incredible, what's your take on this: (Re:Massarray4) and HH traveling to LONDON (Nov 15)
Multi-Purpose Utility of Circulating Plasma DNA Testing in Patients with Advanced Cancers
1 Division of Clinical Studies, The Institute of Cancer Research, Sutton, Surrey, United Kingdom,
2 Drug Development Unit, Royal Marsden NHS Foundation Trust, Sutton, Surrey, United Kingdom
Published: November 7, 2012 (in PLOS ONE)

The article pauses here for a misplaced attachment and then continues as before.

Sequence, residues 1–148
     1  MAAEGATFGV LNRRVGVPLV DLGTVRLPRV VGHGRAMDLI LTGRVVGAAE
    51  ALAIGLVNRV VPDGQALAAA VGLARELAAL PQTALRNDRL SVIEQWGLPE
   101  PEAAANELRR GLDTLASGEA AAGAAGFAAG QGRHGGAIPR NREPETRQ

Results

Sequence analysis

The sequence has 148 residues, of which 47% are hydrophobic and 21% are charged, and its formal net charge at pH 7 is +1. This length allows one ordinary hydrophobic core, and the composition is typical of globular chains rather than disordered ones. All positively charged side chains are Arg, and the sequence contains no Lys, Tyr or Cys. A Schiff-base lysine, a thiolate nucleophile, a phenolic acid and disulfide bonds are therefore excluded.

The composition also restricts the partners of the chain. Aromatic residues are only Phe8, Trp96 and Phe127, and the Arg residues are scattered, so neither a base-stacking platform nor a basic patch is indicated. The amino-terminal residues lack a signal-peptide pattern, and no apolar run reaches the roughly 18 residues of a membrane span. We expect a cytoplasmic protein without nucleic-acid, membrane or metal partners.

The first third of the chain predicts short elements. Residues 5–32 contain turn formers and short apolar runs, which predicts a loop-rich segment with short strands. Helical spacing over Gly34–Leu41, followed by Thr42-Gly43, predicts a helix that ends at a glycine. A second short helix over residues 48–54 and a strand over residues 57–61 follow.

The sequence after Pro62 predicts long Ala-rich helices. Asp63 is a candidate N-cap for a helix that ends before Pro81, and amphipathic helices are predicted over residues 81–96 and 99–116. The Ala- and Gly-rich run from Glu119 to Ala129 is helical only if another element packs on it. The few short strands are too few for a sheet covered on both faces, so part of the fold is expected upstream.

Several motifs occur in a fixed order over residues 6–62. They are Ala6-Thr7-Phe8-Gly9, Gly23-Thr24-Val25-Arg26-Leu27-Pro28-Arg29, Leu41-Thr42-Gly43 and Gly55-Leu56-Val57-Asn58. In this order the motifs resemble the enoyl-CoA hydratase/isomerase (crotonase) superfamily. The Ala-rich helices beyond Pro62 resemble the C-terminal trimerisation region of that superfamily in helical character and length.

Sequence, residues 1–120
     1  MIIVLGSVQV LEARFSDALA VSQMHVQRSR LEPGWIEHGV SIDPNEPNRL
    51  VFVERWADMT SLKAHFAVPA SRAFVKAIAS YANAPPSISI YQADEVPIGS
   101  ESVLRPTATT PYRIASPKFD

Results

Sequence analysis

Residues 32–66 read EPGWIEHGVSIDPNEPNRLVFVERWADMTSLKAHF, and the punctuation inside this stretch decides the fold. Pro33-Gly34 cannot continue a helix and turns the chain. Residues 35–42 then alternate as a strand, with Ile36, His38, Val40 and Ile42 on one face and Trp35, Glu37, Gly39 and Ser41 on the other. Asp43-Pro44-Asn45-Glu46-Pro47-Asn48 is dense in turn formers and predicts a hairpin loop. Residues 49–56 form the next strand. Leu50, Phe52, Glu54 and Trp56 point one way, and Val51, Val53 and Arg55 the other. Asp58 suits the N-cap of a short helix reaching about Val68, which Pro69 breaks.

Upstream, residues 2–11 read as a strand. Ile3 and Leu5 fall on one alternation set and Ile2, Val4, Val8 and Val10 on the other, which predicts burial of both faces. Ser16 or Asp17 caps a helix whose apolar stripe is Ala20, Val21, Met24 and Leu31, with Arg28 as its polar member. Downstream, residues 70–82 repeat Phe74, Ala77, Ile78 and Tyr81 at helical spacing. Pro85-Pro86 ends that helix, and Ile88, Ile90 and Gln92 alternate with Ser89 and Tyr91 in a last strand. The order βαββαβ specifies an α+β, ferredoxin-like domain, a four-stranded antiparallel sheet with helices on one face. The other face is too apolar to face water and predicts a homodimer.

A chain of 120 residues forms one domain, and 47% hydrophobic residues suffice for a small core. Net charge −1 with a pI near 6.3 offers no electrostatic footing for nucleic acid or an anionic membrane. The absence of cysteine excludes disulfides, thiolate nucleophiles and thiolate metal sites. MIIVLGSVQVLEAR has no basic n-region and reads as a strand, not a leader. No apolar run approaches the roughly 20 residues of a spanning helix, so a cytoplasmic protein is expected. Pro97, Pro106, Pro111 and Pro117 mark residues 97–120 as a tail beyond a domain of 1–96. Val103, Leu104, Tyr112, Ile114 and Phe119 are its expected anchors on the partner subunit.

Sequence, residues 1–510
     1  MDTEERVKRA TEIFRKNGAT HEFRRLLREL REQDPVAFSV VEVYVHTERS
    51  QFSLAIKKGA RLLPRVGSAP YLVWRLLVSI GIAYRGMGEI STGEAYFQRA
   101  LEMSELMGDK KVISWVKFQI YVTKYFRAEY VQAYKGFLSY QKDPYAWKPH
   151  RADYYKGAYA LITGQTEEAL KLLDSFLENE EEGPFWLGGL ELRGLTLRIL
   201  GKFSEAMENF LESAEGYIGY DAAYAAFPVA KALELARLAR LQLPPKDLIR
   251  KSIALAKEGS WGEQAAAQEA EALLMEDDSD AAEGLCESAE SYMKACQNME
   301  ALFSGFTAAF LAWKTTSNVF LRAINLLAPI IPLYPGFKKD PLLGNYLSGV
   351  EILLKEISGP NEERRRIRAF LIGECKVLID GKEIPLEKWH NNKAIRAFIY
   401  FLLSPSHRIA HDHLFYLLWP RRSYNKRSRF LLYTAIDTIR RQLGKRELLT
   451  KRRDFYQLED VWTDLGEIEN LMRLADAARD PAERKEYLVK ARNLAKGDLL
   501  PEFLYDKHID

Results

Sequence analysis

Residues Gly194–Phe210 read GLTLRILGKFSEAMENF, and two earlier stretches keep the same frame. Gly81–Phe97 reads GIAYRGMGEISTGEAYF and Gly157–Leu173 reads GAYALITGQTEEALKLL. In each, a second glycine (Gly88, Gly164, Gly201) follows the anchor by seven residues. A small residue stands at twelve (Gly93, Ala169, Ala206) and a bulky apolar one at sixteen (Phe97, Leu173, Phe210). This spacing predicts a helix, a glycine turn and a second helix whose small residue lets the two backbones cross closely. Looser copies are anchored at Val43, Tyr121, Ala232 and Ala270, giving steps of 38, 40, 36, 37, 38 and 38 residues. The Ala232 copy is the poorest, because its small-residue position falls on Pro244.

Tumor genomic instability and selective treatment pressures result in clonal disease evolution; molecular stratification for molecularly targeted drug administration requires repeated access to tumor DNA. We hypothesized that circulating plasma DNA (cpDNA) in advanced cancer patients is largely derived from tumor, has prognostic utility, and can be utilized for multiplex tumor mutation sequencing when repeat biopsy is not feasible. We utilized the Sequenom MassArray System and OncoCarta panel for somatic mutation profiling. Matched samples, acquired from the same patient but at different time points were evaluated; these comprised formalin-fixed paraffin-embedded (FFPE) archival tumor tissue (primary and/or metastatic) and cpDNA. The feasibility, sensitivity, and specificity of this high-throughput, multiplex mutation detection approach was tested utilizing specimens acquired from 105 patients with solid tumors referred for participation in Phase I trials of molecularly targeted drugs. The median cpDNA concentration was 17 ng/ml (range: 0.5–1600); this was 3-fold higher than in healthy volunteers. Moreover, higher cpDNA concentrations associated with worse overall survival; there was an overall survival (OS) hazard ratio of 2.4 (95% CI 1.4, 4.2) for each 10-fold increase in cpDNA concentration and in multivariate analyses, cpDNA concentration, albumin, and performance status remained independent predictors of OS. These data suggest that plasma DNA in these cancer patients is largely derived from tumor. We also observed high detection concordance for critical ‘hot-spot’ mutations (KRAS, BRAF, PIK3CA) in matched cpDNA and archival tumor tissue, and important differences between archival tumor and cpDNA. This multiplex sequencing assay can be utilized to detect somatic mutations from plasma in advanced cancer patients, when safe repeat tumor biopsy is not feasible and genomic analysis of archival tumor is deemed insufficient. Overall, circulating nucleic acid biomarker studies have clinically important multi-purpose utility in advanced cancer patients and further studies to pursue their incorporation into the standard of care are warranted.